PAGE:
Posted On: 04/01/2005
Atop and in my fridge, I have six bottles of wine. Five are Trader Joe’s infamous Three-Buck Chuck – Cabernet Sauvignon, Chardonnay, Merlot, Sauvignon Blanc and Gamay Beaujolais – the other is red Marqués de Cáceres. Honestly, I know little about wine, but, as you can tell, I’m trying to learn. Sure, mostly on the cheap, but I’m trying. I figure with six varieties, I can sharpen my grape palate.
I’ve come to think that being a wine connoisseur is cool – like being a nine-ball hustler or boxing trainer. This was well before “Sideways,” mind you. (Do you really think Paul Giamatti could do for wine what Paul Newman, in “The Hustler,” did for pool?) Still, the movie and Giamatti amplified wine’s appeal. If I really try to hone my taste buds, it shouldn’t take too long to finish my bottles. By Friday? Luckily, the list of people I can go to for better products and advice is growing, most recently on South Grand Boulevard.
The look …
More so than just about any other neighborhood in the STL, South Grand is big-city colorful, like Chicago or New York. Side by side, the jam-packed 70 Grand MetroBus and BMW SUVs roll past Vietnamese restaurants, Afghan markets and antique shops. Recently, inside the historic terra cotta Dickmann Building, a futon store has given way to Erato Wine Bar & Grand Market. For proprietors Adam Pashea, Chris Hamilton (business partners) and Tim Foley (sommelier), this is Erato No. 2, after debuting originally in Edwardsville two years ago.
Impatient folk thought that Erato’s “wine bar coming soon” sign was up too long, but once inside, you can tell the extra time served the rehab well. For a wine bar, the space is incredibly airy, large and wood-heavy. Oak scents the room when you glide on the original wood floors. Picture windows present bustling South Grand, while the south wall is exposed brick, chalkboard drink menus and the bar. By contrast, the north wall is dominated by large oak wine cabinets and a cheese display case. Unless it’s daytime, light is always muted.
Though the 75-seat Erato extends well into the building, most of the action’s up front, with black, round, four-top tables. Mid-room, the sleek dark-concrete bar seats 21. In the rear (over-illuminated to minor annoyance), the glassed, private tasting room houses the temperature-sensitive wines.
With the most interesting building on South Grand, Erato should be easy to spot, but I drove past twice. Spotlight that sign, Erato, so the BMWs don’t keep rolling by.
The scene …
Wine connoisseurs are a growing bunch (because it’s cool …) and, thankfully, drinking wine begs for particularly social occasions. So the crowd is exclusively couples (dates, friends) and groups (double dates, girls’ night out, happy hour). Nonetheless, each table is an island of its own conversation or courting where nearly every item ordered is communal and opined on (you must have an opinion on your wine), from Chardonnay to chèvre to cheesecake.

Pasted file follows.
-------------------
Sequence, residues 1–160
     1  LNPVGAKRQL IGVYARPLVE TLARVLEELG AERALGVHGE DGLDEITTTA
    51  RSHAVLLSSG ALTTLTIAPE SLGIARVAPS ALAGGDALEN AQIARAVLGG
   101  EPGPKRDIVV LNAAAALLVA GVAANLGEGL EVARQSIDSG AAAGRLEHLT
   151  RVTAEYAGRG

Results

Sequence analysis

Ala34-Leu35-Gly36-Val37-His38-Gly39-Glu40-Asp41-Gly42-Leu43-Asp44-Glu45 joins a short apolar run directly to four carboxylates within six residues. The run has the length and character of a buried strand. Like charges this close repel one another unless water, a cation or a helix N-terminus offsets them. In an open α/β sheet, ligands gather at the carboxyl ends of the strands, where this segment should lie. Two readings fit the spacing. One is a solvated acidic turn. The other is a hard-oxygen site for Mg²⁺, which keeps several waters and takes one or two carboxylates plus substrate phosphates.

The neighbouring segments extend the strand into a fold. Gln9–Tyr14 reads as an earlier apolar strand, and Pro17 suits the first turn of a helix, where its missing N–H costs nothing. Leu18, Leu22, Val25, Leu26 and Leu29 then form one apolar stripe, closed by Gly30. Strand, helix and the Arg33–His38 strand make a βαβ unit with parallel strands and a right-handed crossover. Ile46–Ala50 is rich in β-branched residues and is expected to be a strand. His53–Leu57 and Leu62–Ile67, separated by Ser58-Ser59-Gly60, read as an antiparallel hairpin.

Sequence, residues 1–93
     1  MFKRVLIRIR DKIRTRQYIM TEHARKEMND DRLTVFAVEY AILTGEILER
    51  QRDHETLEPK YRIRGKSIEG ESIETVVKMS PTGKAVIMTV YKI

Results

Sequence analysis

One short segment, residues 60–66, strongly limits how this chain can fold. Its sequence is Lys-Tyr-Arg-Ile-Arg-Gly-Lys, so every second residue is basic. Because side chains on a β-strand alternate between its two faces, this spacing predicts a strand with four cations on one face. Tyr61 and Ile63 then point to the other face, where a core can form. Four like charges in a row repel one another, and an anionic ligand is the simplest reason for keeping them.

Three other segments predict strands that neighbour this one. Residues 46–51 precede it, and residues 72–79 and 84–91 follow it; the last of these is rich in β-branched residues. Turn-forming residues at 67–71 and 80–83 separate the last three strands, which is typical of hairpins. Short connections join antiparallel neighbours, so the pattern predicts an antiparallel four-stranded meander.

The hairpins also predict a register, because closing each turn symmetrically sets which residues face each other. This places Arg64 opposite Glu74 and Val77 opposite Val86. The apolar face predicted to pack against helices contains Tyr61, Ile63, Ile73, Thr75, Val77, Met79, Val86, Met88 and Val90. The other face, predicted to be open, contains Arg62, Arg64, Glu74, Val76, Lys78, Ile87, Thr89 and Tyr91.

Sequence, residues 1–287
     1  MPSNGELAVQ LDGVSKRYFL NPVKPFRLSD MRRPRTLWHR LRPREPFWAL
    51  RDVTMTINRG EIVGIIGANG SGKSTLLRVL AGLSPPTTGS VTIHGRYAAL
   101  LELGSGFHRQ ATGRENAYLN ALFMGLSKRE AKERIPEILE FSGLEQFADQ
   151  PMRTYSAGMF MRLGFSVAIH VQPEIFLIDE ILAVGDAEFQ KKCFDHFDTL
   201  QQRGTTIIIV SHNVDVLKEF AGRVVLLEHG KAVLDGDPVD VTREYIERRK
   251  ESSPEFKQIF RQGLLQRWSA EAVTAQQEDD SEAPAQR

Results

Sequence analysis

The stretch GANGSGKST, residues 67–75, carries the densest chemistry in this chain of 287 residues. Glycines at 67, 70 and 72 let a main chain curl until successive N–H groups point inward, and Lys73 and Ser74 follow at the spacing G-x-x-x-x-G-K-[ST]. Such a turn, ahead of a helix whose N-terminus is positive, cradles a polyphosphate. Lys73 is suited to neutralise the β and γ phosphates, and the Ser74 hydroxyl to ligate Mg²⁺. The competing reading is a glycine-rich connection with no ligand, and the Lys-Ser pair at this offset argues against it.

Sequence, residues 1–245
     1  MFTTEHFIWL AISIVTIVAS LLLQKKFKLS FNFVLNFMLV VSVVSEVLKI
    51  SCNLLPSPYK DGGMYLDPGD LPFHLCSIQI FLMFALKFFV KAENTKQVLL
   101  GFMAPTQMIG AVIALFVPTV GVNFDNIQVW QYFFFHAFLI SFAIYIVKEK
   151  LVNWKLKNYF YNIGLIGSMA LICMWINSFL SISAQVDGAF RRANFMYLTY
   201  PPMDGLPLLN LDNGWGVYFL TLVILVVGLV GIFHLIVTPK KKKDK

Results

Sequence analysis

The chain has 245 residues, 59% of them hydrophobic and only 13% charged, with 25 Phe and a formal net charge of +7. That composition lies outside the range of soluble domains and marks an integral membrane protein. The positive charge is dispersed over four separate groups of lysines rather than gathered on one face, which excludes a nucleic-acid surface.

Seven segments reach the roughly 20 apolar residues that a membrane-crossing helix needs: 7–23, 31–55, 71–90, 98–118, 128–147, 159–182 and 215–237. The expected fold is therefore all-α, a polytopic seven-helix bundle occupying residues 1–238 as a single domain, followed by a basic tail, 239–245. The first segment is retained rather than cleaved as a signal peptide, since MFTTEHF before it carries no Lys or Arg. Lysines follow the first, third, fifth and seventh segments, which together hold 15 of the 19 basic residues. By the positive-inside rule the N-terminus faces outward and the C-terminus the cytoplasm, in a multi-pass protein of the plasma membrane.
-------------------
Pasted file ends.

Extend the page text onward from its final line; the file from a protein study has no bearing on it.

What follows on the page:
Wine appreciation comes with age, so clientele leans from 30 to 50 but of varying race, gender and sexual orientation – like the neighborhood. You can’t be exclusive on South Grand. Typical dress for both sexes is casually stylish.
Crowds peak with no-cover live music (usually jazz connected to the fine Southern Illinois University-Edwardsville program) on Friday and Saturday nights. Music volume in a conversation-friendly wine bar is tricky business, so I urge Erato to keep it manageable.
It’s Erato Wine Bar & Grand Market, so everything is for sale. Many people drop in to buy wine, and others purchase after drinking a bottle in-house.
The products …
Erato’s wine list offers more than 120 selections, eclectic in varietals and styles, representing vineyards throughout the world. You’ll find few of these labels at Schnucks. Select from Erato’s expansive by-the-bottle list – in-store prices run $18 to $235, while take-homes start at $8. A modest but diverse collection of 13 wines is offered by the glass ($5 to $12). No flights to sharpen a rookie’s palate … like mine.
Wine is the lynchpin, but Erato has a great rotating beer list (35+; many relatively obscure imports; mostly under $6) and an equally impressive liquor selection (all top-shelf labels, vodka to brandy; prices vary). Signature cocktails ($8) include the New Orleans-born Sazerac and a Caipirinha.
The ever-changing food menu divides into about 14 artisan cheeses, like Manchego and Gruyère ($9 to $15 per pound; $4 for a well-presented in-house order), three or four kinds of pizzas (Greek, prosciutto, Italiano) and several desserts (mostly $6 and chocolate).
I suggest walking to the cheese counter to ask questions and see what you’re ordering – it’s surprisingly difficult to describe cheeses to those who don’t know them. Perhaps some sort of this-cheese-tastes-awesome-with-this-wine crib sheet could help novices … like me.
The staff is friendly and helpful, but on busy nights, the single waitress seemed stretched.
The straight 411 …
For communal wine drinking and palate sharpening on colorfully grand South Grand, head to Erato.
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